Pakistan’s prime minister Imran Khan has once again blamed women for an appalling rise in rape cases. Khan used a televised question and answer session this week to say that sexual violence was a result of ‘increasing obscenity’. Women in Pakistan should remove ‘temptation’ because ‘not everyone has willpower’, he added, urging females to cover up to help reduce the sexual violence which has plagued our country.
Khan pointed the finger of blame at Bollywoodand Hollywood, for spreading ‘vulgarity’. He also repeatedthe growing divorce tally of the UK as evidence of the ‘ethical plunge’ of the West, which he said is messing up the moral compass of the Muslim world and Pakistan. ‘World history tells when you increase vulgarity in society, two things happen: sex crimes increase and the family system breaks down,’ Khan said.
All this is hard to take from a twice–divorced former playboy, who appears to see his life prior to taking charge as prime minister as evidence of societal immorality, without saying, or realising, as much. Since coming to power he has upped the ante on his misogynistic views, objectifying nurses, condemning feminism, and hurling sexist abuses at his political opponents. Even more worryingly, born-again Muslim Khan is now upholding a merger of his personal chauvinism and the wider Islamist marginalisation of women in Pakistan.
Pakistan’s popular Islamist newspaper Daily Ummat this week labelled participants of the local Aurat [women’s] march – which is among a growing number of feminist groups challenging Islamist modesty codes in the Muslim world – ‘whores’ for failing to take notice of the rape tallies in non-Muslim countries. Notwithstanding the perilously low reporting of rapes in Pakistan, and a similarly abysmal conviction rate, for a daily publication to offend women’s rights activists on its front page is part of a worrying pattern of marginalisation for those campaigning against sexual violence. The recently reunified Tehrik-e-Taliban Pakistan (TTP) also accusedthe Aurat march of ‘spreading vulgarity and obscenity’, threatening them with consequences for targeting Islam.
This victim-blaming – which Imran Khan seems only to happy to indulge in himself – advocates the obscene view that women not dressed a certain way are liable to be preyed upon. While women’s rights activists face blasphemy accusations at the hands of Islamists for demanding fundamental human rights, Khan prefers to double down on pointing the finger at female victims rather than male perpetrators. And in this quest, Khan has plenty of willing supporters.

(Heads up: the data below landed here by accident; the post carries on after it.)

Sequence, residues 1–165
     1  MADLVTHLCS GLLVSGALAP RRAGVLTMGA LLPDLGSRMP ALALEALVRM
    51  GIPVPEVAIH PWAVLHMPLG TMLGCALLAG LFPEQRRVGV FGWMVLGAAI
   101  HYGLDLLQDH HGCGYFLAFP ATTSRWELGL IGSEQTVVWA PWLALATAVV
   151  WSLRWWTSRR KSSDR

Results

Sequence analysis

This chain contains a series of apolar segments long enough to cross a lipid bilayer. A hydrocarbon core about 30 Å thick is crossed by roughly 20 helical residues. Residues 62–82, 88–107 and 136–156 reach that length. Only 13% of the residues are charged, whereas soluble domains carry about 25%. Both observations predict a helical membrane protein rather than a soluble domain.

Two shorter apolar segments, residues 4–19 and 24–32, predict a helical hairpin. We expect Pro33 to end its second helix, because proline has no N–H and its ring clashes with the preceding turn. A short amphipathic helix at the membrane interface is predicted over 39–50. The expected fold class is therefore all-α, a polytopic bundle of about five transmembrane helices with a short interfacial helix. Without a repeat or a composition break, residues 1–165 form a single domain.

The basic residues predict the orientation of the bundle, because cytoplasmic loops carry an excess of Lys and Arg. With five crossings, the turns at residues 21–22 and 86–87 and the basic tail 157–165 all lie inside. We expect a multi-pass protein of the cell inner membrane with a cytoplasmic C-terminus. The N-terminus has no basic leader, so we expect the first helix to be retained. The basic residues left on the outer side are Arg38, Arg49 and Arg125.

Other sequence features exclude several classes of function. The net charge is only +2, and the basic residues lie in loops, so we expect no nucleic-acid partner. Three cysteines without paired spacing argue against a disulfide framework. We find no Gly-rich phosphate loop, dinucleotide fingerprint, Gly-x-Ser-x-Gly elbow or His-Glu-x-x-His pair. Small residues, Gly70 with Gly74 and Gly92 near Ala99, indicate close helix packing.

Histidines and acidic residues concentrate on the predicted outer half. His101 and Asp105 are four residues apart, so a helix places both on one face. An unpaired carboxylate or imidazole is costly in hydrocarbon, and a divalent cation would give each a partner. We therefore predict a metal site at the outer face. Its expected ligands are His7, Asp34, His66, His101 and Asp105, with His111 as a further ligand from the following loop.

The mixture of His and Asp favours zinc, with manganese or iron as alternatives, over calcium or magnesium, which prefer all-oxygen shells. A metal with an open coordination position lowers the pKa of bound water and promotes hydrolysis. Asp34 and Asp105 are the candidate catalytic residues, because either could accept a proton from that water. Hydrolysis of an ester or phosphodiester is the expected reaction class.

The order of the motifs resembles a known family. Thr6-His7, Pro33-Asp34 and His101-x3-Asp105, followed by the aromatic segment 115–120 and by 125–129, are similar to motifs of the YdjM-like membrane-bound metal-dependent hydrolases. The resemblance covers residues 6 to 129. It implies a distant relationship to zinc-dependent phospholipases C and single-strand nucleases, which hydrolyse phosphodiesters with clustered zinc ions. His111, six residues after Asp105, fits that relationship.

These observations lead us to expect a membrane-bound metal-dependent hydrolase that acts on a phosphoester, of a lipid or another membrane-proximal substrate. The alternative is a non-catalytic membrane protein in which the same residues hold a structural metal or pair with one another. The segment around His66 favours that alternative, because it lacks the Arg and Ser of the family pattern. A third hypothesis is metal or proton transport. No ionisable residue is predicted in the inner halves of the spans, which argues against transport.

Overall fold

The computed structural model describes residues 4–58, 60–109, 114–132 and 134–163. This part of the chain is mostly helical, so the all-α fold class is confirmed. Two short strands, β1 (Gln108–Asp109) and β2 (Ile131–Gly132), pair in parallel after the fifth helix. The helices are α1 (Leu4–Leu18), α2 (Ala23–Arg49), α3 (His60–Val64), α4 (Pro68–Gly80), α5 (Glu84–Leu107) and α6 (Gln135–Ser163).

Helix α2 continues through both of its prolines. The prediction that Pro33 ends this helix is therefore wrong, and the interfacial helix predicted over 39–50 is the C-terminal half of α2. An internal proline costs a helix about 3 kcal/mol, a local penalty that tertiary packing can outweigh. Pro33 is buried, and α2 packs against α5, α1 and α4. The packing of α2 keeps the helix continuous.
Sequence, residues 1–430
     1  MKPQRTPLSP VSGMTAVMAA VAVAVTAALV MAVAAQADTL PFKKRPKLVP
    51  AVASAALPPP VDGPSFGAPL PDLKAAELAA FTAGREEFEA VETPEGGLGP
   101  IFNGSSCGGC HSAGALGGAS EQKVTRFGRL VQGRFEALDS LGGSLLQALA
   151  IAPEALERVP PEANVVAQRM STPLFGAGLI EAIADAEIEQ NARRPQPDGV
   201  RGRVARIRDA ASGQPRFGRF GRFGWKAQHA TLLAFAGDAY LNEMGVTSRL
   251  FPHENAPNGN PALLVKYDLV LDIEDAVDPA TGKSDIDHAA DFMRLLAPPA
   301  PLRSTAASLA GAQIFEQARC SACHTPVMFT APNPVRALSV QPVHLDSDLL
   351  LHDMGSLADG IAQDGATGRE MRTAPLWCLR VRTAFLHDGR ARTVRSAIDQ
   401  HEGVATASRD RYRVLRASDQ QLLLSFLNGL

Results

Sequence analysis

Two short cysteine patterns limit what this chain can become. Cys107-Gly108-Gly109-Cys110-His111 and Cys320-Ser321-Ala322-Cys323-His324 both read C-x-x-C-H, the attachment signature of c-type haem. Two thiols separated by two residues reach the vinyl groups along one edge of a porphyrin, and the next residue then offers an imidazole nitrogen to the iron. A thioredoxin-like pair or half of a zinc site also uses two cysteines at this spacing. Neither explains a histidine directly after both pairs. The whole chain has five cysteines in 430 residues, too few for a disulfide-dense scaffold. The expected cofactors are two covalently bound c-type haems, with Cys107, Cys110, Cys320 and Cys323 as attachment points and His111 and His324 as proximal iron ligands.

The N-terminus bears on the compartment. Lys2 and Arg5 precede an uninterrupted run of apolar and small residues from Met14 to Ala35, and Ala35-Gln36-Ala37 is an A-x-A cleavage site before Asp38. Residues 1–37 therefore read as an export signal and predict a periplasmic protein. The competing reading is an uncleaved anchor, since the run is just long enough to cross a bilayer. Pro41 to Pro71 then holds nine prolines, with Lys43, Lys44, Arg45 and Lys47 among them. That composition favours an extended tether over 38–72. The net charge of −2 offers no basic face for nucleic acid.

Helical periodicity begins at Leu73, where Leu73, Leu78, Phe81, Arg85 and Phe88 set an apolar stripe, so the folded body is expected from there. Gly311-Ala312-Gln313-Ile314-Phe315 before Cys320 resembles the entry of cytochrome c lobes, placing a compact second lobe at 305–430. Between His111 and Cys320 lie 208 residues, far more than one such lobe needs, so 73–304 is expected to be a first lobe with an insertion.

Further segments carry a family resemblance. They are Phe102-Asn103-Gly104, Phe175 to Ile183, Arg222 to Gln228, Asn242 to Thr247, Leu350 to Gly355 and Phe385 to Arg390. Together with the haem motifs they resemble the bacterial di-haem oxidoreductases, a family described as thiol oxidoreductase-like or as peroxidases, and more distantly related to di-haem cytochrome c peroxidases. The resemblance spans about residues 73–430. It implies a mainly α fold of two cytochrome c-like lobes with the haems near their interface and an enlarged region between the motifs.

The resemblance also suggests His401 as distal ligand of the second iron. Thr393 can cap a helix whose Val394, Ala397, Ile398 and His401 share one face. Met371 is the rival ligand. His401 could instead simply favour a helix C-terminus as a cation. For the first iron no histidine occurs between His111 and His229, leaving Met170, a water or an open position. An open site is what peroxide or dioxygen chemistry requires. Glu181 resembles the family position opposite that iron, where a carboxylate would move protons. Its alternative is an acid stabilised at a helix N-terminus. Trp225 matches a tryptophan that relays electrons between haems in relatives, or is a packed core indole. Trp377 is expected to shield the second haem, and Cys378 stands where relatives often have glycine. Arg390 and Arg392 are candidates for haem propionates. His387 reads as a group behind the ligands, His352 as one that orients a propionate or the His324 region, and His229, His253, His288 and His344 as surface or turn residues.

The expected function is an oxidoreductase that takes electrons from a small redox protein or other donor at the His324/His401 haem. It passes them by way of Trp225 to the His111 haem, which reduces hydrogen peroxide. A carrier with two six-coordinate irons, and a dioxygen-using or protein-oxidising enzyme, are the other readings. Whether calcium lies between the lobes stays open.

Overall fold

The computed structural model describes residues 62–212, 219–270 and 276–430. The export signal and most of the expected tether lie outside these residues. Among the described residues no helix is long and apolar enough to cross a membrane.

A Peshawar court has ordered a probe into the Aurat march over accusations of blasphemy. The allegations focused on doctored videos designed to make it appear as though participants of last month’s rally were chanting slogans against ‘Allah and the Prophet’. The backlash was also based on the Women Democratic Front’s tricolor flag being misrepresented as that of France, prompting the WDF to issue a rebuttal.
Another blasphemy allegation on the Aurat march, also taken up by the Jamaat-e-Islami’s (JI) Abdul Akbar Chitrali in the National Assembly, called out a banner in the rally that narrated the pain of a nine-year-old victim of sexual abuse. Islamists interpreted that as an attack on Muhammad’s marriage to nine-year-old Aisha, according to Islamic scriptures, prompting Aurat march organisers to release a clarification.
Pakistan’s bloodthirsty blasphemy laws have long facilitated the suppression of women’s rights with anything antipodal to orthodox Islam struck down as sacrilegious.
The Imran Khan-led government’s legislative advisory body the Council of Islamic Ideology (CII), for example, has shot down laws banning child marriage, citing Muhammad’s marriage to Aisha. Quoting the Quran, the CII has also endorsed a man’s beating of his wife. For decades, Pakistan’s Hudood Laws in accordance with Islamic Sharia have mandated death for ‘fornication’ and ‘adultery’. From 1979 until 2006, a woman who was raped and failed to provide four witnesses could find herself subsequently tried as an adulterer.
It’s hardly a surprise that Pakistan ranks sixth on the list of the world’s most dangerous countries for women. Since 2015, more than 22,000 rape cases have been reported in the country, but the real tally is likely to be far higher. Pakistan also has an appalling conviction rate: only around 0.3 per cent of rapists are found guilty, according to one estimate.
It seems all too clear that while Khan wants to blame women for what is happening in Pakistan, the dinosaur establishment is more of a problem. But by asking women to change what they wear, Khan is only strengthening the roots of sexual violence against women in Pakistan.
The Islamist lollipop fallacy, which is used as an apologia for the contrasting dress codes for women and men, dehumanises both by reducing the former to the status of a candy and the latter to insects. Khan’s assertion that ‘not everyone has the willpower’ to resist female flesh is a direct endorsement of this view. The next time Khan wants to speak out against sexual violence, he should call out the perpetrators – not the blameless women who have been attacked.
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